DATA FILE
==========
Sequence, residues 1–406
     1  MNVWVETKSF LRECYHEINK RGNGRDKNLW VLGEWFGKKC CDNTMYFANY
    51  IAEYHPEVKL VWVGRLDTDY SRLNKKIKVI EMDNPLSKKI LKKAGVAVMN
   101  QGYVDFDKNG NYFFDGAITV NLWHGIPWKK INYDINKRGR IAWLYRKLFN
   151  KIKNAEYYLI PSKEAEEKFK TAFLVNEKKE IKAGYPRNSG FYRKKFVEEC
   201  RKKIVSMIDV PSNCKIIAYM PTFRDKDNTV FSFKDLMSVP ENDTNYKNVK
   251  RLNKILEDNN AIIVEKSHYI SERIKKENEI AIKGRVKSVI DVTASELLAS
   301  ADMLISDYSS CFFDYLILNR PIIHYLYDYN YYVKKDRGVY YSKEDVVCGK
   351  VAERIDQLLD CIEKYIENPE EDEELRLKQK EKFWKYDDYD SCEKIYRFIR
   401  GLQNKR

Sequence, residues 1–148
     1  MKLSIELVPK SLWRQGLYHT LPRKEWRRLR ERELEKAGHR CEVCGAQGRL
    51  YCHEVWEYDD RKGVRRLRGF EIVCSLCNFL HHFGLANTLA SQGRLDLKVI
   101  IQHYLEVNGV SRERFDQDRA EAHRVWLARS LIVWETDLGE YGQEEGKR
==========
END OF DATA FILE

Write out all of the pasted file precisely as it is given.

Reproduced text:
Sequence, residues 1–406
     1  MNVWVETKSF LRECYHEINK RGNGRDKNLW VLGEWFGKKC CDNTMYFANY
    51  IAEYHPEVKL VWVGRLDTDY SRLNKKIKVI EMDNPLSKKI LKKAGVAVMN
   101  QGYVDFDKNG NYFFDGAITV NLWHGIPWKK INYDINKRGR IAWLYRKLFN
   151  KIKNAEYYLI PSKEAEEKFK TAFLVNEKKE IKAGYPRNSG FYRKKFVEEC
   201  RKKIVSMIDV PSNCKIIAYM PTFRDKDNTV FSFKDLMSVP ENDTNYKNVK
   251  RLNKILEDNN AIIVEKSHYI SERIKKENEI AIKGRVKSVI DVTASELLAS
   301  ADMLISDYSS CFFDYLILNR PIIHYLYDYN YYVKKDRGVY YSKEDVVCGK
   351  VAERIDQLLD CIEKYIENPE EDEELRLKQK EKFWKYDDYD SCEKIYRFIR
   401  GLQNKR

Sequence, residues 1–148
     1  MKLSIELVPK SLWRQGLYHT LPRKEWRRLR ERELEKAGHR CEVCGAQGRL
    51  YCHEVWEYDD RKGVRRLRGF EIVCSLCNFL HHFGLANTLA SQGRLDLKVI
   101  IQHYLEVNGV SRERFDQDRA EAHRVWLARS LIVWETDLGE YGQEEGKR